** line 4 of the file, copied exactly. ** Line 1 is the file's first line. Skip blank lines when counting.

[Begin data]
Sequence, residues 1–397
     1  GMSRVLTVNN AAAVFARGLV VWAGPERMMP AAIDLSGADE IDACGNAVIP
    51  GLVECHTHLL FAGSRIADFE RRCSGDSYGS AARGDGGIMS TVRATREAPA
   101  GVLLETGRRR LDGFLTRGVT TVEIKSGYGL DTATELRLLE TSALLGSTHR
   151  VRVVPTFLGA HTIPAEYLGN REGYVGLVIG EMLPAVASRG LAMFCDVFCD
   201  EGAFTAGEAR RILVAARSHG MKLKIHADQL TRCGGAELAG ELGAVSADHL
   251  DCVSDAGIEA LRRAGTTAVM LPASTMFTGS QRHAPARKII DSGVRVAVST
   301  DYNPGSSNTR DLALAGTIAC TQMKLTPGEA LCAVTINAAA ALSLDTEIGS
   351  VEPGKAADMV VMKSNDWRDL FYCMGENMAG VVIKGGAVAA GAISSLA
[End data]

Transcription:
   101  GVLLETGRRR LDGFLTRGVT TVEIKSGYGL DTATELRLLE TSALLGSTHR